Not enough pilots joining because of their lack of degree- easy waiver,"... can not progress beyond captain without x,y,z requirement ..." the Air Force and the Army did it for years with nurses.

I see the same dynamic of NCO's in the military now, especially the reserves.  The newer younger junior NCO's are mentored by the old crust and seasoned ones.....they may have generational gap issues, but when it comes to getting the job done...whoa,  it does.  CAP will be no different

MK
Title: Re: NCO
Post by: TheTravelingAirman on April 14, 2015, 06:22:00 PM
It's been at NHQ. Scanned it in directly last Tuesday or so. Scanned in CAC, CAP ID, and state DL to verify identity when they asked for supporting documentation. Just curious. I don't want to be a bad example and wear the uniform of a SSgt when I'm still a 2Lt. Wondering how much longer I can't wear what I paid for is all.
Title: Re: NCO
Post by: lordmonar on April 14, 2015, 06:53:29 PM
It's been at NHQ. Scanned it in directly last Tuesday or so. Scanned in CAC, CAP ID, and state DL to verify identity when they asked for supporting documentation. Just curious. I don't want to be a bad example and wear the uniform of a SSgt when I'm still a 2Lt. Wondering how much longer I can't wear what I paid for is all.
Sounds good I would not start pinging NHQ until the end of the week....but it should not take long.
Title: Re: NCO
Post by: AirAux on April 14, 2015, 07:49:40 PM
Ned, ROTC is paying full tuition, and books and giving something like $300.00 a month after summer encampment and beginning the third year.. 
Title: Re: NCO
Post by: SarDragon on April 14, 2015, 08:25:43 PM
Ned, ROTC is paying full tuition, and books and giving something like $300.00 a month after summer encampment and beginning the third year..

That's assuming you can get through the first two years. That same deal, with a smaller stipend, was available when I went to Rutgers in 1967. OTOH, full ride scholarships were much harder to get.
Title: Re: NCO
Post by: Storm Chaser on April 14, 2015, 09:16:36 PM
The focus of the discussion should be related to why its important to have one to be a CAP officer.  Not life in general.  So far, being a positive roll model for the cadets is all Ive seen mentioned.   So, with that.   I guess  the non-degree having NCOs will be drawing with crayons as they attempt to motivate cadets.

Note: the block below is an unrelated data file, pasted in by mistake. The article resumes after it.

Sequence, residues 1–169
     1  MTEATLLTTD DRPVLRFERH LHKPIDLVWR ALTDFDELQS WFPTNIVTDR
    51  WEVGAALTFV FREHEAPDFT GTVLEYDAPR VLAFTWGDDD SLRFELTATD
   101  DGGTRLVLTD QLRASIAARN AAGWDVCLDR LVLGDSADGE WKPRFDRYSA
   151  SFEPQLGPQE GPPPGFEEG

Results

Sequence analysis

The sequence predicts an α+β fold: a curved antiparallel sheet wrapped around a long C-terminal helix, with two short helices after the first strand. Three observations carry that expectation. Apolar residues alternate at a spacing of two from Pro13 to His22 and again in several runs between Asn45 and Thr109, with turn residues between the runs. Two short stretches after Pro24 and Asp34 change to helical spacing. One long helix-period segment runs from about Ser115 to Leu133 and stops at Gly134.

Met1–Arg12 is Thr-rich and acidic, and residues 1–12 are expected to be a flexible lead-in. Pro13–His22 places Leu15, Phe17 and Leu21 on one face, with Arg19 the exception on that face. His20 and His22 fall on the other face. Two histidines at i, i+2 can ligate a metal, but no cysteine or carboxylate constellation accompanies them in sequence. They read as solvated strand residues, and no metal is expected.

Who said you needed a college degree to be "a positive roll role model for the cadets"? What I and others said is that bashing college degrees as unnecessary and unimportant is not providing a good example to our cadets, many who may choose to pursue a college education. Or do you really think that saying things like "I don't need a fancy degree" is providing a good example to our cadets?

And by the way, you should have a little more respect towards our NCOs. All Air Force NCOs go through several levels of technical training and professional military education and are some of the most educated and professional in the world. In fact, not only do many of our NCOs have associate's and bachelor's degrees, a large number of them have master's degrees or higher as well. That, of course, is not what makes them good NCOs. But it certainly adds to their professional development.
Title: Re: NCO
Post by: lordmonar on April 14, 2015, 09:25:25 PM
And that gets us back to the point. 
Sure.  To do CAP no one needs a degree.  But by that same token to do CAP no one needs to be an officer or an NCO either.   

The idea of making CAP officers (and CAP NCOs) more like our USAF comrades will go a long way in improving our relationship with the USAF.

A fix all?   Hell no!  But IMHO it would make it better. 

YMMV
Title: Re: NCO
Post by: LSThiker on April 14, 2015, 09:26:46 PM
For those interested.  These numbers reflect the USAF only:

Quote
Officer Academic Education
61.8% of officers have advanced or professional degrees
49.6% have master's degrees
10.4% have professional degrees
1.8% have doctorate degrees

Company Grade Officers
37.3% of company grade officers have advanced degrees
29.2% have master's degrees
7.7% have professional degrees
0.4% have doctorate degrees

Field Grade Officers
94% of field grade officers have advanced degrees
77.3% have master's degrees
13.1% have professional degrees
3.5% have doctorate degrees

Enlisted Academic Education
61% completed some college
24.1% have associate's degrees